Russian rouble has room to rise, says Deutsche
Faster inflation in Russia is likely to keep central bank hawks on the front foot, fuelling demand for the rouble, according to analysts at Deutsche Bank.
Consumer prices advanced 0.5% in May, according to the Federal Statistics Service, pushing the year-on-year rate to 9.6%, above the bank’s 7% end-of-year target.
With strong consumption, and investment moving into positive territory, the central bank is likely to push rates higher, after raising the deposit rate by 25 basis points to 3.5% in May, Deutsche says. The Central Bank of Russia held its key refinancing rate at 8.25% at its meeting on May 31.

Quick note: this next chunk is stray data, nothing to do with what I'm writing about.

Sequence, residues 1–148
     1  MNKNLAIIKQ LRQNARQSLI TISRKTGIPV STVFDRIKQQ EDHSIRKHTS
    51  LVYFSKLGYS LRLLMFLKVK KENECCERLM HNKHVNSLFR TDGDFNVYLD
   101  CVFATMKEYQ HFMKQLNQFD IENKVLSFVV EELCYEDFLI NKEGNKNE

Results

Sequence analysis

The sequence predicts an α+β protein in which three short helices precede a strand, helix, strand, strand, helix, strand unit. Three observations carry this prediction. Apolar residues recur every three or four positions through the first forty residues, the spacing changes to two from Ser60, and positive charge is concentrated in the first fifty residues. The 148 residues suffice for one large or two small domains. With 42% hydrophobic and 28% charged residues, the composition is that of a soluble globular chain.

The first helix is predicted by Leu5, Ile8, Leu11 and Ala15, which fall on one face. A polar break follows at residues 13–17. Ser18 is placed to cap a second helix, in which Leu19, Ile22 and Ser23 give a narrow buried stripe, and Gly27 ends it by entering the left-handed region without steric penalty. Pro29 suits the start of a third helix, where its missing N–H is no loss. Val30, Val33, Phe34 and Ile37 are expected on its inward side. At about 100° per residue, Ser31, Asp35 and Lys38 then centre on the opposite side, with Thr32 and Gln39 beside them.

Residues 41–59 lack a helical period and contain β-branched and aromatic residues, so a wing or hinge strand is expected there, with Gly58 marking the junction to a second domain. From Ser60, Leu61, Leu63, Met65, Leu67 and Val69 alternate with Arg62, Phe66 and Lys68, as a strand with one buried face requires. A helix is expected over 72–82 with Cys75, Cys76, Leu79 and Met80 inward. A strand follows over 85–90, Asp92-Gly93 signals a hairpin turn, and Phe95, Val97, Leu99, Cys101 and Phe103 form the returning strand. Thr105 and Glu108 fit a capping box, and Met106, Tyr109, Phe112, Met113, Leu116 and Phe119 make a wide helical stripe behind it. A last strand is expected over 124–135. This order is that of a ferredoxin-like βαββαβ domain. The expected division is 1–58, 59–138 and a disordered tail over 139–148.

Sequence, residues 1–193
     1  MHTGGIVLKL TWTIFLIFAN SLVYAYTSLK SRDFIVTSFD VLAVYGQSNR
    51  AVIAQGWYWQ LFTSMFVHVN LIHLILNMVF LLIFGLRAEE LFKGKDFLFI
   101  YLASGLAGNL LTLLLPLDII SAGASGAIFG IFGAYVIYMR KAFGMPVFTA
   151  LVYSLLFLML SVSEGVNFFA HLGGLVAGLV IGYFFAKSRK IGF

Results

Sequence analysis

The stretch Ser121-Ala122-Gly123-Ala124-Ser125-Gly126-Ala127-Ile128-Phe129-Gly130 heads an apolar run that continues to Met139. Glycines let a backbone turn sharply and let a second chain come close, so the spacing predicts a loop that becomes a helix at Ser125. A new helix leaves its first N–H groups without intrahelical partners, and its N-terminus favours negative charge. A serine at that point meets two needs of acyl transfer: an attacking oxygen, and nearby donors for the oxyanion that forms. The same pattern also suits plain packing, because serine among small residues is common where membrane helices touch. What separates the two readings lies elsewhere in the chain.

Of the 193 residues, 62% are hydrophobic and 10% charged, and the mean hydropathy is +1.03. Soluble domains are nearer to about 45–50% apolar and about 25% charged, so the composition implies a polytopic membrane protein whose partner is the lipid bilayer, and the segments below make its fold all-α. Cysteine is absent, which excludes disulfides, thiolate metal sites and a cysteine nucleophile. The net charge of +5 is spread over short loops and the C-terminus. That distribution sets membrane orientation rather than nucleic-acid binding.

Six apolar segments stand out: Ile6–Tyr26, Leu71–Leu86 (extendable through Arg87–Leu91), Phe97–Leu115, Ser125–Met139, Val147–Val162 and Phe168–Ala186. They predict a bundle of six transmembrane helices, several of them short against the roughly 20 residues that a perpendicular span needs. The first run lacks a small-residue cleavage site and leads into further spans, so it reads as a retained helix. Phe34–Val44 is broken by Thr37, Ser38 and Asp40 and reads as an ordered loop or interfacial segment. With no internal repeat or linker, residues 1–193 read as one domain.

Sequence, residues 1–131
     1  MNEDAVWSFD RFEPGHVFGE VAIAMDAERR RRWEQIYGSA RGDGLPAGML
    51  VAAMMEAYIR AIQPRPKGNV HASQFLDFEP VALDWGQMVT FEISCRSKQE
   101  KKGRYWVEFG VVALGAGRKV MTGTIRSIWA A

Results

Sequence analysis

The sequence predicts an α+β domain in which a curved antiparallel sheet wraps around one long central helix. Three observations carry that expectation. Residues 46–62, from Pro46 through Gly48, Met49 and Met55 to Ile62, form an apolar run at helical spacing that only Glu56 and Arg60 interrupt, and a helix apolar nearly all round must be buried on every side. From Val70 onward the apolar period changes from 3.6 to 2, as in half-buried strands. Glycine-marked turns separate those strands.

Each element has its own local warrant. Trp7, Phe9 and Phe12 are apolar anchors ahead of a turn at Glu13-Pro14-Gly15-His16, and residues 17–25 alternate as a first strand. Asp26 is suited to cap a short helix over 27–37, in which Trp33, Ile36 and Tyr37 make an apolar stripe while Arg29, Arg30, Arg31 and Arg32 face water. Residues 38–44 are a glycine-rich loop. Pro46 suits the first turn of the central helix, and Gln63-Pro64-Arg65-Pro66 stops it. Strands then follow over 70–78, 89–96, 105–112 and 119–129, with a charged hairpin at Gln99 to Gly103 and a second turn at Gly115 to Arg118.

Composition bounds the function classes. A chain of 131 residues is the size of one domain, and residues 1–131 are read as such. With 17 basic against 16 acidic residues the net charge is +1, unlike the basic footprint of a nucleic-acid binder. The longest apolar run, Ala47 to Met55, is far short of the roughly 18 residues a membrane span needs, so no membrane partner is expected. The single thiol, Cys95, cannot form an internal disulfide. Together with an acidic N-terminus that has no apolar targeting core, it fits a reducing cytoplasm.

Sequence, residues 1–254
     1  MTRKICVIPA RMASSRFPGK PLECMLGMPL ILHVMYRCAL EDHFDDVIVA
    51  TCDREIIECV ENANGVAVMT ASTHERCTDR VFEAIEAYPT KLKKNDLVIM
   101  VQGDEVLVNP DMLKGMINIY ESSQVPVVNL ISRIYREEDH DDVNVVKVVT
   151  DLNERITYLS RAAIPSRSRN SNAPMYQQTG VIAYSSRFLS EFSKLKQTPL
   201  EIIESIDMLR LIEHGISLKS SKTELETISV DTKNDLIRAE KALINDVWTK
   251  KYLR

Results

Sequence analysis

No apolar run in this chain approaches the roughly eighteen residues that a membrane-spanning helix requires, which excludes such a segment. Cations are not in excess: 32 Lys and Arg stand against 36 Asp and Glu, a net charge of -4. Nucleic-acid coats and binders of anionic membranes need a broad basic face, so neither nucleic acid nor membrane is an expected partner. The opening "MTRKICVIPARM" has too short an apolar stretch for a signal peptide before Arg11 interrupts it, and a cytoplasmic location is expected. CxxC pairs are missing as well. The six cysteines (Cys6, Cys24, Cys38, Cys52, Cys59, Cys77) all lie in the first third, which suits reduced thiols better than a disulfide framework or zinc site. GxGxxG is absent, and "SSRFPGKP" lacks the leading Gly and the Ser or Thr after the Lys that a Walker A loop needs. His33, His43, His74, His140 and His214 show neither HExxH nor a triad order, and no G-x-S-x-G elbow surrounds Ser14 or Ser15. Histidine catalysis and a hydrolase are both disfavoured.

While capital has flowed out of Russia this year to the tune of some $35 billion, the drip-drip exodus is unlikely to have a major impact on the currency.
“While sharp and dramatic spikes in outflows are reflected in the rouble, a steady and gradual decline is not,” says Deutsche analyst Henrik Gullberg in a note. “We are cautiously constructive on the rouble.”
On Thursday the rouble rose the most in a month against the euro as the price of oil climbed, increasing demand for the currency. It was trading little changed at 27.83 against the dollar on Friday. It hit 28.50 on May 23, its highest level since March 18.
Long positions on the Russian currency have been rebuilt in recent days, Gullberg says, but are still well below the peaks seen in October to December 2010.
Three month dollar/rouble
|Source: Bloomberg data|